Although many voices are joining together to call for reform of regulations governing institutional review board (IRB) oversight of research involving human subjects— and some of those voices even agree on how the IRB process should be reformed—progress in the United States toward such reforms is glacial. Unfortunately, the foot-dragging on reform may be costing the United States its leadership role in health research.
Current U.S. regulations governing protection of human subjects have their roots in the 1960s and especially the 1970s, when the National Research Act became law in 1974, spurred by the publicity surrounding the Tuskegee Syphilis Study. In that famous study of black males observed from 1932 to 1972, investigators denied penicillin to infected men. The National Research Act prompted the creation of the National Com- mission for the Protection of Human Subjects of Biomedical and Behavioral Research.1
Now, almost 40 years after enactment of that law, the U.S. health system is evolving faster than the rules to govern it. For example, how do we best regulate comparative effectiveness research (CER)? CER is a hybrid of both clinical trial research, which requires an IRB, and quality improvement processes, which are typically IRB exempt.
Electronic medical records also present a challenge. For example, the President’s Council of Advisors on Science and Technology recently released a report2 that on the one hand recommends personally determined data tagging and stres- ses the need for privacy safeguards, while on the other hand advocating the recommendation of the recent Institute of Medicine report3 to permit greater access to health data to facilitate research.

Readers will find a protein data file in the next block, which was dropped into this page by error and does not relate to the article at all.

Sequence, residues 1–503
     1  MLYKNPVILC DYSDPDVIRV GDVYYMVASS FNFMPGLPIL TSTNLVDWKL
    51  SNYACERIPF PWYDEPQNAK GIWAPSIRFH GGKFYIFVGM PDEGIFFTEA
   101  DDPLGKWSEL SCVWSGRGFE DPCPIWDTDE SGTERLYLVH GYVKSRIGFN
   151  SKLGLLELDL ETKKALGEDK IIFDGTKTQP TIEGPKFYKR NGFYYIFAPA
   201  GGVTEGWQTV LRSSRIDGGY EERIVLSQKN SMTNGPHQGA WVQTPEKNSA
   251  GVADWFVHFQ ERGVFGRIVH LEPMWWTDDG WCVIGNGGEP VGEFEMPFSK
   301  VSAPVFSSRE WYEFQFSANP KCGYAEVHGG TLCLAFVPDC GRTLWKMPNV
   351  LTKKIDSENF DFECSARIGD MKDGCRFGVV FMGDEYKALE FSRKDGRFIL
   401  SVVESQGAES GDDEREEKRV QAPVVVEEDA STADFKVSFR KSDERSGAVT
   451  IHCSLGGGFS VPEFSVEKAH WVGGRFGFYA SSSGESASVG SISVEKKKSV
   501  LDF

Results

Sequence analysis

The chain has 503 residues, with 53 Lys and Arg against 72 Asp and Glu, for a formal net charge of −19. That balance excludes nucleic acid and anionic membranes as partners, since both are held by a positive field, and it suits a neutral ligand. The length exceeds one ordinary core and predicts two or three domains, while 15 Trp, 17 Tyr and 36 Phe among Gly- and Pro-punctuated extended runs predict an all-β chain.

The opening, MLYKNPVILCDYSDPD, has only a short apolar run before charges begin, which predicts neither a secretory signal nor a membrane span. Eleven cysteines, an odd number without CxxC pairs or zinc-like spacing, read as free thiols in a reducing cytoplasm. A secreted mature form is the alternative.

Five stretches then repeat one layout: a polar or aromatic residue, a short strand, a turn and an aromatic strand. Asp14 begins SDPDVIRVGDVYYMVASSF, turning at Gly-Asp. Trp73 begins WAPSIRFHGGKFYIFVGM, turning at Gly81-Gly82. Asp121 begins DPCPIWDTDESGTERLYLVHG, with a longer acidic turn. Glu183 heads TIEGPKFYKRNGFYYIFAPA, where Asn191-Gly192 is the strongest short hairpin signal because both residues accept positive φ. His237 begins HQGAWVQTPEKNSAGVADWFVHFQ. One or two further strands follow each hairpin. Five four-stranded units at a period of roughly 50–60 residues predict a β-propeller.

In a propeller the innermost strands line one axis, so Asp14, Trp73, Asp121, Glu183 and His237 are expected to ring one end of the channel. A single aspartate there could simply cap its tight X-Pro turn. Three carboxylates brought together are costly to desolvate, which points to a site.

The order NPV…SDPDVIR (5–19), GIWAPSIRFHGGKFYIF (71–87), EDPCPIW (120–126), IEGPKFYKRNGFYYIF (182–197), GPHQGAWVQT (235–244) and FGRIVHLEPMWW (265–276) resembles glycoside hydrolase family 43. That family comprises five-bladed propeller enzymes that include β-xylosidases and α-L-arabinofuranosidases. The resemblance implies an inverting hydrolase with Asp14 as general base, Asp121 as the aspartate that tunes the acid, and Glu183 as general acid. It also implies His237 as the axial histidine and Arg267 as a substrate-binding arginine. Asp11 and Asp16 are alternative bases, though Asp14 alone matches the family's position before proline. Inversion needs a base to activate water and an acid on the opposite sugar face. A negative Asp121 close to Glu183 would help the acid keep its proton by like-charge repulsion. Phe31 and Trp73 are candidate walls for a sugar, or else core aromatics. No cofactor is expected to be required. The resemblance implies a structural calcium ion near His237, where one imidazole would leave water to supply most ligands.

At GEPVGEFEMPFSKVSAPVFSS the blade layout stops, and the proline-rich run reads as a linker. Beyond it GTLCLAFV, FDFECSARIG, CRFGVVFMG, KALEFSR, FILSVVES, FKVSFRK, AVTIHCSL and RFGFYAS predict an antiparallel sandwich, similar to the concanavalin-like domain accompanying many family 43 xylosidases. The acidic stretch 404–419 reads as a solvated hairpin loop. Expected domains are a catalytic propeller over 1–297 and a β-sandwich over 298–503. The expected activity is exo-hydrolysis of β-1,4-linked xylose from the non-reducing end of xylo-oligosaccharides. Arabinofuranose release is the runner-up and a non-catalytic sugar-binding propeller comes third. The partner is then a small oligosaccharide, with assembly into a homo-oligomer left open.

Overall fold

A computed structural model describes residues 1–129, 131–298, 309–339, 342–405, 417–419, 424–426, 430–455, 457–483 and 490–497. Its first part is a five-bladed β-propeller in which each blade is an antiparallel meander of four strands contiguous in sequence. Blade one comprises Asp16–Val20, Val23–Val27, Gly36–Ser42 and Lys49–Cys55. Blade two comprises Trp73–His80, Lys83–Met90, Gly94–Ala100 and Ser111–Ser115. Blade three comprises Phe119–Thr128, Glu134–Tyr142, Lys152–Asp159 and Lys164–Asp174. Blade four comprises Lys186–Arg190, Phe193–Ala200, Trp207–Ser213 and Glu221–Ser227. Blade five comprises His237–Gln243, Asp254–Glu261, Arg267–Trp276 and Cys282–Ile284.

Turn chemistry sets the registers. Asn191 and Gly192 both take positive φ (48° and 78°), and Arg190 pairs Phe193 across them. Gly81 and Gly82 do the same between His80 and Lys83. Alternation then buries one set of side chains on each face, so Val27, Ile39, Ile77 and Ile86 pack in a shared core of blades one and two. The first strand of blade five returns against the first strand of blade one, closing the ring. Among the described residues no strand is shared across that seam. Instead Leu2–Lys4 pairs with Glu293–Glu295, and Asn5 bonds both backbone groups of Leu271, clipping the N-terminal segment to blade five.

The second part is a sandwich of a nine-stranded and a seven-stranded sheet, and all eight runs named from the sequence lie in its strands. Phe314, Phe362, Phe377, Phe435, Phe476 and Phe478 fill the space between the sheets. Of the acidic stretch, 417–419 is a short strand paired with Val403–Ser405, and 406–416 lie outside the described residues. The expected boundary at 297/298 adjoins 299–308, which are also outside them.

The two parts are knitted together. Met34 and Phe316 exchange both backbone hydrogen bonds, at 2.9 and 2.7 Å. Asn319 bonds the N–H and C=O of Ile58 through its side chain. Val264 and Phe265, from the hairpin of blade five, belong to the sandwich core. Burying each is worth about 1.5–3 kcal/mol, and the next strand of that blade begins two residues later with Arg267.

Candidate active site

It is no wonder that the U.S. government provides incon- sistent recommendations. In addition to the Food and Drug Administration, 19 other federal agencies are involved in oversight for protection of study participants. There are more than 6,000 IRBs registered with the Department of Health and Human Services.
Inconsistent outcomes appear to be increasingly likely when the same protocol is presented to different local IRBs, as is common in a multicenter trial.4,5 One study of 88 pediatric practices found that local IRB review appears to be a barrier to participation in research, ‘‘may discourage the inclusion of minority and urban patients, and seems to result in little if any significant change’’ in the (minimal risk) protocols.6 Pogorzelska et al.7 are among the many calling for local IRB reform, including clarification of spe- cific purposes of local review (e.g., ensuring cultural ap- propriateness), assurances that IRB members are trained in regulatory requirements, as well as ethical principles of
research, and consideration of central review mechanisms. This latter is perhaps the most controversial, as national, independent IRBs have been reviewing federally funded research only since 1996.
Five concerns with using an independent IRB are: (a) a perception of increased risk to the institution; (b) possible conflicts of interest among the sponsor, site, investigator, IRB, and IRB member; (c) the importance of local knowledge; (d) logistics between the IRB and the site; and (e) the cost of administrative support. Coleman8 opines that careful evalu- ation of the following factors will lead to appropriate use of independent IRBs: ‘‘the IRB’s reputation and references; composition of the board committee(s) and qualifications of committee members; access to scientific experts; accreditation status; support staff quantity, qualifications, and training; results of regulatory inspections; approval stringency and typical letters; meeting frequency; operational metrics, such as review times; and operating procedures, such as internal auditing and error handling.’’